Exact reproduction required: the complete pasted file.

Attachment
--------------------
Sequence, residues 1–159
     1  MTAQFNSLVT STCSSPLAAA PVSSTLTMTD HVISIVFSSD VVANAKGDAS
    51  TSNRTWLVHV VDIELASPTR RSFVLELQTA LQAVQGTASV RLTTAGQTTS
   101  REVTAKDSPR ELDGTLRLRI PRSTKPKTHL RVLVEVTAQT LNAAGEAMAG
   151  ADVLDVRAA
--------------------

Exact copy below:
Sequence, residues 1–159
     1  MTAQFNSLVT STCSSPLAAA PVSSTLTMTD HVISIVFSSD VVANAKGDAS
    51  TSNRTWLVHV VDIELASPTR RSFVLELQTA LQAVQGTASV RLTTAGQTTS
   101  REVTAKDSPR ELDGTLRLRI PRSTKPKTHL RVLVEVTAQT LNAAGEAMAG
   151  ADVLDVRAA